Rick Griffin and Alton Kelley collaborated on this poster although neither would sign it! It features a repurposed (for what we don’t know) character used to advertise Ben Gay in the 1940s and 50s named “Peter Pain.” Ads would depict this bent over Leprechaun-like man, often with a weapon, inflicting muscle aches on some innocent victim. It was quite common for the San Francisco School of artists to appropriate commercial images in their work. Meanwhile, the homage to underground comix is clear, with talking balloons announcing all of the key information. Griffin was a well-known contributor to underground comix including Zap, Yellow Dog and many others.
This was the first appearance of the Moody Blues in San Francisco and their first tour in the U.S. with the exception of an Ed Sullivan and Murray The K’s Christmas Show run in late December 1965. But that was the first British Invasion and by 1968 the Moodies were a radically different band, totally changing their sound as the world changed around them. This appearance followed the late summer release of “In Search of The Lost Chord,” which followed up on “Days of Future Passed.”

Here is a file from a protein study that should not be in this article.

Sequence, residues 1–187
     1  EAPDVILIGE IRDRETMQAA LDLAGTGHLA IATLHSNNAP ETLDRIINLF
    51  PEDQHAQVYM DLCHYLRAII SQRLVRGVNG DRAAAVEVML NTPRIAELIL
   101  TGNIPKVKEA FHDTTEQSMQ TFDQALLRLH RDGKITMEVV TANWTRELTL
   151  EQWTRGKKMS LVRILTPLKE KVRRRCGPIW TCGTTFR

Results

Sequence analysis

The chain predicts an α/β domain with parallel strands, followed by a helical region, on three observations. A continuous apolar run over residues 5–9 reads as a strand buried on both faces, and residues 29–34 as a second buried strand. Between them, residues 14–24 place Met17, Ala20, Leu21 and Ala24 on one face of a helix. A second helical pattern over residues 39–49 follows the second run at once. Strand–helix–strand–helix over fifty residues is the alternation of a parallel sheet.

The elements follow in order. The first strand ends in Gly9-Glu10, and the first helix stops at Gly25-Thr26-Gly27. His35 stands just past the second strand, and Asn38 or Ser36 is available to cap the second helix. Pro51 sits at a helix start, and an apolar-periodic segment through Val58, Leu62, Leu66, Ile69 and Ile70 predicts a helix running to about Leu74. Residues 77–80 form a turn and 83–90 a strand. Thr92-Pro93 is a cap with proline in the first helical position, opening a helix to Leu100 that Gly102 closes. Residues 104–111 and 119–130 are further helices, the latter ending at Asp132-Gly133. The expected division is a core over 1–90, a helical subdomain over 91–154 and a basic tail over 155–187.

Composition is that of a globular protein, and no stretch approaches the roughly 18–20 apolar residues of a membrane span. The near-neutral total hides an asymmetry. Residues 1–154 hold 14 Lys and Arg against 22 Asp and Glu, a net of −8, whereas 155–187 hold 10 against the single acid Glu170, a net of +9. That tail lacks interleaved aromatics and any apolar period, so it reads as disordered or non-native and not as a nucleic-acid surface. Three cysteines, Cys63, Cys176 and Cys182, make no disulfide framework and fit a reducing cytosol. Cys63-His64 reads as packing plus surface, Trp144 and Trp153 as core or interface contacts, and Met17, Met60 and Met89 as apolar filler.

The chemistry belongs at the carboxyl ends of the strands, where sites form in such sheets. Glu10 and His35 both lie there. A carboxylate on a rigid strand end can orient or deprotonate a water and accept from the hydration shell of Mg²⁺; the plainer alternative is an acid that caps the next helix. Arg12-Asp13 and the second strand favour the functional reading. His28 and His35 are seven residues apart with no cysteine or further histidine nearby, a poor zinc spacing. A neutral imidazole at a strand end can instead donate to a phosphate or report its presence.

Chicago began in that city as the Big Thing and in June 1968 they moved to Los Angeles, signed with Columbia Records and changed their name to Chicago Transit Authority (later shortened to Chicago). It was while performing on a regular basis at the Whisky a Go Go nightclub in West Hollywood that the band got the exposure to be asked to play these dates with the Moody Blues, predating the first Chicago Transit Authority album which came out in April 1969.
Frumious Bandersnatch was a psychedelic rock band in the late 1960s. The band was named after a character from the Lewis Carroll poem, "Jabberwocky". Based in San Francisco, the band was active from 1967 to 1969. Four members of Frumious Bandersnatch became regular members of the Steve Miller Band and others joined Santana alums Neal Schon and Gregg Rollie to form the band Journey in 1973.